and , the agency’s six-year-old Commercial Orbital Transportation Services program partner, stressed the experimental nature of the company’s bid to lift off early May 19 on the first U.S. commercial resupply mission to the International Space Station.
The launch of the Falcon 9/Dragon rocket and spacecraft combination from the company’s launch complex at Cape Canaveral Air Force Station is set for 4:55 a.m. EDT, during a nearly instantaneous launch window.
“We really are on the eve of a very significant mission,” Phil McAlister,’s acting director of commercial space-flight development, told a May 18 news briefing. “This is a test flight, and NASA views test flights primarily as learning opportunities. They don’t fit neatly into the characterization of success or failure. If it gets us in a better posture to fly the next time, that is really a good thing.”
Forecasters from the U.S. Air Force 45th Weather Sqdn. predicted a 70% chance of favorable conditions on the eve of the three-week mission. A desire to preserve as much of Dragon’s fuel for on-orbit maneuvers as possible restricts future launch opportunities to every third day. After May 29, the high temperatures from an increasing solar beta angle on the space station’s orbital plane would preclude additional launch attempts until after mid-June.
“If successful, there is no question this is a historic flight,” says Gwynne Shotwell, SpaceX president. “What’s important from a SpaceX perspective on a test flight is to make sure we learn something. Hopefully, we learn a lot. But we are really here to demonstrate this spacecraft, wring it out to the maximum extent possible. Obviously, the ultimate goal is to berth.”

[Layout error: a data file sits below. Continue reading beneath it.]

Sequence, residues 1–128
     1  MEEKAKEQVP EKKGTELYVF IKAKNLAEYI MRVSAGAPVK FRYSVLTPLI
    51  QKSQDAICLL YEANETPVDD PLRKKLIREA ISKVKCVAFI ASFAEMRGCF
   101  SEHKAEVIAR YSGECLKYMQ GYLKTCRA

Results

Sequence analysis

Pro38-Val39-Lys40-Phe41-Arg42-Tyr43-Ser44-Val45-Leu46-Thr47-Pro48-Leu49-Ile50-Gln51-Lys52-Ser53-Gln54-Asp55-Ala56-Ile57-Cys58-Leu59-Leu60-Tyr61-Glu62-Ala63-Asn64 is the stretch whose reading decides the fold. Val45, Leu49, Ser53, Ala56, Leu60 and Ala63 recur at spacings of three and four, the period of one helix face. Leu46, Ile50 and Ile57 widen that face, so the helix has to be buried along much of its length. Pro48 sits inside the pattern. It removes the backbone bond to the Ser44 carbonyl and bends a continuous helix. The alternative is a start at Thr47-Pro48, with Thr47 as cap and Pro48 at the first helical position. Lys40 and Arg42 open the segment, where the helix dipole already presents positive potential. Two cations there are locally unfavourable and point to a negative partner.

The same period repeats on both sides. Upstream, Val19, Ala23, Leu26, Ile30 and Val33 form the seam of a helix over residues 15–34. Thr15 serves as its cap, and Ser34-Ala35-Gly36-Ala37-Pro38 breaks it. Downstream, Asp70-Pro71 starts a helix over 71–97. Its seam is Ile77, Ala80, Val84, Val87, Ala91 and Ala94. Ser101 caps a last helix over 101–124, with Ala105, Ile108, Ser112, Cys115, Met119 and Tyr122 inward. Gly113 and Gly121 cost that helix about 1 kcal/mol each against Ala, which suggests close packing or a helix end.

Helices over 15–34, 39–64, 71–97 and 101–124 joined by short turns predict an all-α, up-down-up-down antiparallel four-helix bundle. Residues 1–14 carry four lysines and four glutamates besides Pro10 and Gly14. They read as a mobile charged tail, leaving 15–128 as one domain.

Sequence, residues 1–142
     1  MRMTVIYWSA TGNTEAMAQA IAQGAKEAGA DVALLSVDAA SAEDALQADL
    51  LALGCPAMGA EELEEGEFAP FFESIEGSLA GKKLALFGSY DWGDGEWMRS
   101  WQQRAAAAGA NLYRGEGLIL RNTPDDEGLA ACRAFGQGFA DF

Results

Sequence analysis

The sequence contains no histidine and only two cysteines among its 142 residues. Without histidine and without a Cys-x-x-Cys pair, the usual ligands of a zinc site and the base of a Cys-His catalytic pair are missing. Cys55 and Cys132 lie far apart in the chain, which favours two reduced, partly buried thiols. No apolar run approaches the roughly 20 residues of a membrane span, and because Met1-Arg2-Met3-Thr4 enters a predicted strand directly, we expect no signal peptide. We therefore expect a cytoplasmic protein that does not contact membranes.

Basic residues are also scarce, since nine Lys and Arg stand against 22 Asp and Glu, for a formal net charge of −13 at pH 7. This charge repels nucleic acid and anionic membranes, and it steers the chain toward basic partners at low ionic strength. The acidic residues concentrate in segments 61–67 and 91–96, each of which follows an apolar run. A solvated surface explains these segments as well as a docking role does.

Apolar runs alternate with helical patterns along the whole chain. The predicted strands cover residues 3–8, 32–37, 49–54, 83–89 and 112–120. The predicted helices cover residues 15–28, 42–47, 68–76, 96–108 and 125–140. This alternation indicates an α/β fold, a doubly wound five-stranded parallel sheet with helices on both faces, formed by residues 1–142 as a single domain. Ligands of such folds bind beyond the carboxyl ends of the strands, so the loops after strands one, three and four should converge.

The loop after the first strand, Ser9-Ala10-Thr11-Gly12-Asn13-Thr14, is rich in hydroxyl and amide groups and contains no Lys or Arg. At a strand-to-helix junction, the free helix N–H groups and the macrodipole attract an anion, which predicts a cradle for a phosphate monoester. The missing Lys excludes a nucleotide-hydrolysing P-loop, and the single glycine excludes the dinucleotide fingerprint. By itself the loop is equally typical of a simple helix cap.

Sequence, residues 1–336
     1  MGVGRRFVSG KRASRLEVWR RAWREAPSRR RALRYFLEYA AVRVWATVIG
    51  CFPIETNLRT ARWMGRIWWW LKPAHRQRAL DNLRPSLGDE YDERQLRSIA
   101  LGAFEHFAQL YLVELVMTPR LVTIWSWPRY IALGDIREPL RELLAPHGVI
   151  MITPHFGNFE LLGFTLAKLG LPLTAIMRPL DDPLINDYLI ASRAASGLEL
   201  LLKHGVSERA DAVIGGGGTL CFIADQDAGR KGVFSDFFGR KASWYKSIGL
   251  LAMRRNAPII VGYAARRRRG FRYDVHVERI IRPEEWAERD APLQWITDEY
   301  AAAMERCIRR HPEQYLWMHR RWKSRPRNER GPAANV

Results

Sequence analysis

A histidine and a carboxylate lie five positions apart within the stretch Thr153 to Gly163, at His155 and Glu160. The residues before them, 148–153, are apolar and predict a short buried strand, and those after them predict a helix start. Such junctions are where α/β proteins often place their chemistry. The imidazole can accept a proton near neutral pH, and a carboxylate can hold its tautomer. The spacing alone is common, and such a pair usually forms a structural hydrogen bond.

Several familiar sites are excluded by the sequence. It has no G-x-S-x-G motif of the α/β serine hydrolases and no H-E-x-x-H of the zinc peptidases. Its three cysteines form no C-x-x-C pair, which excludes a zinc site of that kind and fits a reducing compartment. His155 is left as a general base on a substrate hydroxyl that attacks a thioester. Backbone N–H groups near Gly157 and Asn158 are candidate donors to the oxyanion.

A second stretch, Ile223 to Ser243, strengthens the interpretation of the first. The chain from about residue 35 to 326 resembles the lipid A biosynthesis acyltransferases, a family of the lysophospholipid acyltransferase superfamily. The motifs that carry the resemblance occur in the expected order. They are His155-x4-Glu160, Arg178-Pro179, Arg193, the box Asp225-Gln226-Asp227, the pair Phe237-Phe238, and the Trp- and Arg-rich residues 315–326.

With a successful liftoff, the unpiloted Dragon will attempt to rendezvous with the six-person orbiting science lab early May 22, following a series of guidance, navigation and communication system checkouts. Under a flexible timeline, Dragon would approach to a point 1.5 mi. below the station for more system checks, including a test of the astronauts’ ability to remotely command the capsule.
If the May 22 checkout goes well, Dragon will maneuver out in front of the station, then above and behind. Early on May 23, Dragon would return to the station, this time moving close enough for station astronauts Don Pettit of NASA and Andre Kuipers of the European Space Agency to grapple the freighter with Canadarm2. The two fliers will be working from a control console for the 58-ft.-long robot arm in the station’s Cupola observation deck.
Once Dragon is captured, the astronauts will berth the freighter to the station’s U.S. segment Harmony module, potentially at the 75-hr. mark in the mission.
“I don’t think there will be a lot of sleep for the folks at SpaceX,” Shotwell says. “It’s all hard.”
If Dragon is successfully berthed, it would remain at the station for about 18 days. The capsule will be unberthed with Canadarm2 and commanded to reenter the Earth’s atmosphere, descending for recovery by SpaceX in the Pacific Ocean, off the coast of Southern California.
Regardless of the mission outcome, SpaceX is preparing for a follow-on cargo delivery mission to the station in the fall. Once the test objectives are met, SpaceX intends to carry out a 12-mission supply delivery agreement under a $1.6 billion contract awarded to the company by NASA in late 2008.